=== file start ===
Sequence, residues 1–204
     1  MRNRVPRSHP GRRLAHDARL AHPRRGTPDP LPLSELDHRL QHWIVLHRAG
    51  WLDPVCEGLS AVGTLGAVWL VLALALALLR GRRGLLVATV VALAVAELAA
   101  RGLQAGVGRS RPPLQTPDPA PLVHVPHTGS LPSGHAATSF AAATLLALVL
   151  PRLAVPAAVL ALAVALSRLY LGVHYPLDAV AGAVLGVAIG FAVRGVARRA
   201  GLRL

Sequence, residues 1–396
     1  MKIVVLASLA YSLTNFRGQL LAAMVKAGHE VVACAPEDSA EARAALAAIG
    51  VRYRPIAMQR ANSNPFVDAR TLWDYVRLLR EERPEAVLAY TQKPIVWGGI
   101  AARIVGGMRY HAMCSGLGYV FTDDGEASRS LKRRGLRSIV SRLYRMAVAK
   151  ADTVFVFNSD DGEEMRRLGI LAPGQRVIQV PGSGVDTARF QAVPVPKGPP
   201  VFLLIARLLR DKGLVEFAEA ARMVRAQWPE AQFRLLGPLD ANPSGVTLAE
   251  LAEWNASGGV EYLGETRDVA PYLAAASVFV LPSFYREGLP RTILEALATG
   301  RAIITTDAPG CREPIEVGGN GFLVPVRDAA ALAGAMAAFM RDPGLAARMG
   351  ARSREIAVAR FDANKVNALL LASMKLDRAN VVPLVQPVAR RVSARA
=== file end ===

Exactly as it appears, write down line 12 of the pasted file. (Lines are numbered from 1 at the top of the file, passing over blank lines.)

   201  VFLLIARLLR DKGLVEFAEA ARMVRAQWPE AQFRLLGPLD ANPSGVTLAE